[Sinn Fein]

23rd June 2003

Sinn Fein makes submission on Private Property and Housing to All Party Oireachtas Committee

Sinn Fein today released its detailed submission dealing with the issue of private property and the right to housing to the All Party Oireachtas Committee on the Constitution. In the submission Sinn Fein argues that, "social justice must be given pre-eminence to the rights of private property".

Sinn Fein outlines its belief that "The protection given to private property in the 1937 Constitution and the contradictions in the relevant articles have acted as a barrier to introducing a right to housing and to controlling the price of land," it reads.

Sinn Fein spokesperson on Housing Arthur Morgan TD said: "Ultimately the land of Ireland belongs to the people of Ireland and that is the underlining theme on which our submission is based. Sinn Fein believes that the constitutional balance must be in favour of the common good over and above the rights of private property."

The submission covers a range of issues concerning private property and the right to housing including Compulsory Purchase Orders, Rezoning and Planning, House prices, the Price of Development land, Section V of the Planning Act and Accessing the countryside.

There are a number of key elements that need to be addressed by the All Party Committee if we are to secure social justice in terms of housing and private property.

Sinn Fein believes that:


Sinn Fein believes that the right to housing is a fundamental right and must be enshrined in the constitution. It is also our assertion that the constitution must be amended so as to clarify the articles which deal with the rights of private property. Property rights should be dealt with in a single self-contained article. Social justice must be given pre-eminence to the rights of private property.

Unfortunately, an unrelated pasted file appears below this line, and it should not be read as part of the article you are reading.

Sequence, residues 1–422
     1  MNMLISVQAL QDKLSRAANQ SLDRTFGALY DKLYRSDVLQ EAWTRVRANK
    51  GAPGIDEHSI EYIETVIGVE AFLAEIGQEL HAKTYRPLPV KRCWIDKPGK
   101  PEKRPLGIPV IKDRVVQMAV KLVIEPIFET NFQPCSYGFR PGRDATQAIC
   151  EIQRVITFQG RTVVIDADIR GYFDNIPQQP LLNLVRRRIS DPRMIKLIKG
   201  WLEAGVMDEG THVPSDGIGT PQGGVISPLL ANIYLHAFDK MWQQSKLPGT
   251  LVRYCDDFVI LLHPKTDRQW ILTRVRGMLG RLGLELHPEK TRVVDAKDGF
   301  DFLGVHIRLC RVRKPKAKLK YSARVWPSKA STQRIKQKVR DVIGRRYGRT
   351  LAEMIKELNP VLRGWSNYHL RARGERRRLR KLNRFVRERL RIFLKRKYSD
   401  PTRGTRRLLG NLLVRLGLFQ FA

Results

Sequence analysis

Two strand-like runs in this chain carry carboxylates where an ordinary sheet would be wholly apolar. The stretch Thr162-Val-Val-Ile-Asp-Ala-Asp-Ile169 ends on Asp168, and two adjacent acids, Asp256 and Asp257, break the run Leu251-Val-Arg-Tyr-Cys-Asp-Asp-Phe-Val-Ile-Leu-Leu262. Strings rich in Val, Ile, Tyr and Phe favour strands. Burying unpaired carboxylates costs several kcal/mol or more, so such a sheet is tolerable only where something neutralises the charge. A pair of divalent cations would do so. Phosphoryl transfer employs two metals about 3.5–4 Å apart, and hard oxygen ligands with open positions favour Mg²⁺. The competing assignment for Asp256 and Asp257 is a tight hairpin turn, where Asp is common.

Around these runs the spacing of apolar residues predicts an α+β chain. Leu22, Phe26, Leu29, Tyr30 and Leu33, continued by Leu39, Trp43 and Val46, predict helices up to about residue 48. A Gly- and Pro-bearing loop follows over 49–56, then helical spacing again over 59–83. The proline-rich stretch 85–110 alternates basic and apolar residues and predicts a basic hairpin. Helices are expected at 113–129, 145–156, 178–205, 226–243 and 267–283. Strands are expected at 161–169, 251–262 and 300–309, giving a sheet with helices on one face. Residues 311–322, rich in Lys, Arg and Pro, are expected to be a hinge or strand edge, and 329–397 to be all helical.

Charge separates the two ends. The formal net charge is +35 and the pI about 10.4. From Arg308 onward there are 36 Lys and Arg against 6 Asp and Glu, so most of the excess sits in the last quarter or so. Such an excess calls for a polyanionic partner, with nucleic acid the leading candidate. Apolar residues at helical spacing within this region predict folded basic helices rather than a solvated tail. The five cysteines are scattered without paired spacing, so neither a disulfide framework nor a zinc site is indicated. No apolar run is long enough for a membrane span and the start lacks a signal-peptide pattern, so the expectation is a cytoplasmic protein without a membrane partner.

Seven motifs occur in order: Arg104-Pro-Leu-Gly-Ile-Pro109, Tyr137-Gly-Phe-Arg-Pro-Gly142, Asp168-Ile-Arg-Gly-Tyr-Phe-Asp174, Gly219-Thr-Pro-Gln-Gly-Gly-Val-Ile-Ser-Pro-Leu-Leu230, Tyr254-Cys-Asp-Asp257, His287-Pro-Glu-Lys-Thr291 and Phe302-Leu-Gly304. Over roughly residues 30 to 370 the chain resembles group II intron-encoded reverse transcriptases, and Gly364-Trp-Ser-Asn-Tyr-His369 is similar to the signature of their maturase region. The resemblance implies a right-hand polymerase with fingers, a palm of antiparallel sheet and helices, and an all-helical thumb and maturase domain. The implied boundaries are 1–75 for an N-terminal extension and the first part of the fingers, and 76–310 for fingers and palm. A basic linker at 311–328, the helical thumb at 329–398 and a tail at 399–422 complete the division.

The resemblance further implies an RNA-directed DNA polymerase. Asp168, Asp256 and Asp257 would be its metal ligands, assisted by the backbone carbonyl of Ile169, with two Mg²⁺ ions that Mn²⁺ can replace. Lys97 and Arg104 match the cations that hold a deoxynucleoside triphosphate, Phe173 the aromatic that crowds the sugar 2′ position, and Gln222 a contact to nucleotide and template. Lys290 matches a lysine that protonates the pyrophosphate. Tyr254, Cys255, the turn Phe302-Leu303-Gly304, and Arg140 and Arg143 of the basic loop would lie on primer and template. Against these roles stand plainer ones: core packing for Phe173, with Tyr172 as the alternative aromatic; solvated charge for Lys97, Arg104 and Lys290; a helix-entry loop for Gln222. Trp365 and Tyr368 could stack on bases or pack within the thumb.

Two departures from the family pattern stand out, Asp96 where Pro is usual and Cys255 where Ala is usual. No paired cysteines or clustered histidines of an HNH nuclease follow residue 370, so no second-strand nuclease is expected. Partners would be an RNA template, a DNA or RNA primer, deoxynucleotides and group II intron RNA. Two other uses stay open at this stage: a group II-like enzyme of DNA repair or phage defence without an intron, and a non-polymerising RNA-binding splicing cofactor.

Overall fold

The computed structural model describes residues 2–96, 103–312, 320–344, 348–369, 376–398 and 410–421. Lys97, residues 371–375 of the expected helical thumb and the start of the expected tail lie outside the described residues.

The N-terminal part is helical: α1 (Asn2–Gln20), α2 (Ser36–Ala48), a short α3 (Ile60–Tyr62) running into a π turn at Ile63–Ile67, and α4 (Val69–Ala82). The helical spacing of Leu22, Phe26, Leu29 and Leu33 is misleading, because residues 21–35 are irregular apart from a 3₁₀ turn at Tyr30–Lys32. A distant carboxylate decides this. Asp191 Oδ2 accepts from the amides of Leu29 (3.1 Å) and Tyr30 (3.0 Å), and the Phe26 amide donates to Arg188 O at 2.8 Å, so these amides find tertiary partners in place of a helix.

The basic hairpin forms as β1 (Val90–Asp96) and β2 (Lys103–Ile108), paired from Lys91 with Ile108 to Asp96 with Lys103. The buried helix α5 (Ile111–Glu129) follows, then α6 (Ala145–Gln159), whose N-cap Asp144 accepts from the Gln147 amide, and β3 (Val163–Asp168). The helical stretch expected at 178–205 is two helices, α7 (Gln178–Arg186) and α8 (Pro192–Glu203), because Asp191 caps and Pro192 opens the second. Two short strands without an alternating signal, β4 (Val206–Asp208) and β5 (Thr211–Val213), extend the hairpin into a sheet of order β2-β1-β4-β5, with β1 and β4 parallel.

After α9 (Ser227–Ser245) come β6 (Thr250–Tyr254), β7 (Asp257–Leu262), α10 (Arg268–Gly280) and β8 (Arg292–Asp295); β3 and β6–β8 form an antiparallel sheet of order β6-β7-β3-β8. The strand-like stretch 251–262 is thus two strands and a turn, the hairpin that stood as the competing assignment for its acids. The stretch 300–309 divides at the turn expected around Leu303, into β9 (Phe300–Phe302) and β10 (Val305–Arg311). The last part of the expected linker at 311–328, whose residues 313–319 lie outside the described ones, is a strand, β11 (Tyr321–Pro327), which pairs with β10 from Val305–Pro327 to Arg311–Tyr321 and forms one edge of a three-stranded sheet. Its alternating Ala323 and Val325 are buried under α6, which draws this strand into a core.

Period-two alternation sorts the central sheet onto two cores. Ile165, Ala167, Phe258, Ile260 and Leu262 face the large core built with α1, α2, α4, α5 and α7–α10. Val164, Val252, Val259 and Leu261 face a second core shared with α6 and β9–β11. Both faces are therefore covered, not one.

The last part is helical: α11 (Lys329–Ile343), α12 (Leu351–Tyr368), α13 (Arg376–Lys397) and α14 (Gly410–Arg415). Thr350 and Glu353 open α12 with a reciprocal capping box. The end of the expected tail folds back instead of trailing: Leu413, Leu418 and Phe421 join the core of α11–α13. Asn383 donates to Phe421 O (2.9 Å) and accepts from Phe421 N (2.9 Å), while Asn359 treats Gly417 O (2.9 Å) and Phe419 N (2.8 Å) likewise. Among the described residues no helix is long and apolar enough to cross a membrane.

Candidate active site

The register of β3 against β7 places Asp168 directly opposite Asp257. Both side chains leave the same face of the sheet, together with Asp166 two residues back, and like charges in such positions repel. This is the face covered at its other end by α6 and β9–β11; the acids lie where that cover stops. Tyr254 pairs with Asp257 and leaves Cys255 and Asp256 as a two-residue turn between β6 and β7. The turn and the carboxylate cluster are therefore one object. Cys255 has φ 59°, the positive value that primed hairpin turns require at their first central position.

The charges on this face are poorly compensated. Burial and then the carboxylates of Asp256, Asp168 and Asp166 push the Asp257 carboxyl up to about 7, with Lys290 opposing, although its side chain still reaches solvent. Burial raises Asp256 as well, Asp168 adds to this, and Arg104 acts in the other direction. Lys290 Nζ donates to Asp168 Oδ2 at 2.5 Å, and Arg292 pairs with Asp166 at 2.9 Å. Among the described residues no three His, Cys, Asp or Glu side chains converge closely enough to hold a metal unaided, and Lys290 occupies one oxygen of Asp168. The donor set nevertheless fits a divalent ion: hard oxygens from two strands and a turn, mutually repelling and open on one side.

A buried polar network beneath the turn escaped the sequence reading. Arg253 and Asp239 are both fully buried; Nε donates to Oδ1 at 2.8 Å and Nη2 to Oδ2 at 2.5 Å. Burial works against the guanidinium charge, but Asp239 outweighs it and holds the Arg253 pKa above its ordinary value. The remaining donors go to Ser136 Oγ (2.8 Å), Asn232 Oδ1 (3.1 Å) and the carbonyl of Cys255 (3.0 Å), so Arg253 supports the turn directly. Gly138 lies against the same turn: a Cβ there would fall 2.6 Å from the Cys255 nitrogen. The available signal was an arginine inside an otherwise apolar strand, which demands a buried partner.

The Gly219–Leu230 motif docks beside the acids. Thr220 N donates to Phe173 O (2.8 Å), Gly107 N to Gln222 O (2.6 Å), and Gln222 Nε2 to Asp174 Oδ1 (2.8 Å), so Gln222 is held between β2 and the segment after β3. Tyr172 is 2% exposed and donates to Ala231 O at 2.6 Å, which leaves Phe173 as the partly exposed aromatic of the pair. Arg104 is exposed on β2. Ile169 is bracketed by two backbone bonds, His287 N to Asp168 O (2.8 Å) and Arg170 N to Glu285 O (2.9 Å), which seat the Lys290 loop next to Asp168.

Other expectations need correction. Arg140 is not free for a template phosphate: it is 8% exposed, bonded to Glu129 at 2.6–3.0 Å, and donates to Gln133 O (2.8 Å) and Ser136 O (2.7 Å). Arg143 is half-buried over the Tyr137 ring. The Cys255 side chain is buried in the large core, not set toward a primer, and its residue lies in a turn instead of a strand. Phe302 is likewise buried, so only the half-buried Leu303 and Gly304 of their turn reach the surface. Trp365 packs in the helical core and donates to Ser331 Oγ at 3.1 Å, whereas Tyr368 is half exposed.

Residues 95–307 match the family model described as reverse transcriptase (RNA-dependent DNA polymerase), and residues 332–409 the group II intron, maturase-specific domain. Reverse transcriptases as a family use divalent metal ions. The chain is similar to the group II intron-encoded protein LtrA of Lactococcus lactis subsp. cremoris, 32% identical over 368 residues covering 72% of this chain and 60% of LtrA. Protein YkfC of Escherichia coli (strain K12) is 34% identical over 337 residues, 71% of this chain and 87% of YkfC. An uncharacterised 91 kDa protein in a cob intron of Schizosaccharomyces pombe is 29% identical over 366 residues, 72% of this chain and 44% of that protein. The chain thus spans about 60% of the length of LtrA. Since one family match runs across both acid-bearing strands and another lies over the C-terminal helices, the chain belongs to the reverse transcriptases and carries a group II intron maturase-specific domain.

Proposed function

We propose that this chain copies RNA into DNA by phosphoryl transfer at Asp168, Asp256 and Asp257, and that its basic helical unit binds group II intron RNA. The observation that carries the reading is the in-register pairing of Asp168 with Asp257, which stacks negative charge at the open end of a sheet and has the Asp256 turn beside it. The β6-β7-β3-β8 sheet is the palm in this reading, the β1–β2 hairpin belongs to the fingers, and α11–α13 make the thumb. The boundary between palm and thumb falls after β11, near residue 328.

The recurrent theme in looking at how various issues are affected by the articles in the constitution which deal with private property is that, in practice, the `social justice' component has been subordinated to the needs of private property especially that of commercial private property.

The privileged position which has been accorded to rights of private property in the Constitution of 1937 is unfortunate and regressive for a people with a history and a tradition dating from Brehon law to the Democratic Programme of the First Dáil, which placed the common good above the rights of private property.

The protection given to private property in the 1937 Constitution and the contradictions in the relevant articles have acted as a barrier to introducing a right to housing and to controlling the price of land. Sinn Fein believes that too broad a discretion has been given to the courts in relation to the limitation of property rights. The negative affect of the prevailing interpretation of this element of the Constitution is increasingly obvious in the housing crisis and the escalating cost of building land which has frustrated the social housing programmes of local authorities.

Successive governments have hidden behind the excuse of constitutional problems when justifying their failure to bring forward legislation, in the common good, to tackle land prices, and to abolish ground rents. We believe that the Oireachtas All Party Committee on the Constitution would be in a far better position to make recommendations on whether it is necessary to amend the Constitution if such legislation had been brought forward and tested legally as was done with Section V of the Planning and Development Act 2000.

Ultimately the land of Ireland belongs to the people of Ireland and that is the underlining theme on which our submission is based. Sinn Fein believes that the constitutional balance must be in favour of the common good over and above the rights of private property.

The right to private property?

Sinn Fein agrees with a right to private property but believes that it is necessary, for the common good, to place limitations on the rights of private property.

Private property has been and remains an instrument of oppression of people the world over. A tool of oppression, it has been used by the landlord against the tenant, monarch against subject, man against woman. Domination of one person over another has been facilitated by the existence of private property.

James Connolly wrote that ``The enemy of our race is private property'' and it is true that the Irish people have historically been oppressed by private property. We believe that they continue to be oppressed by the exaggerated rights accorded to private property in the Constitution.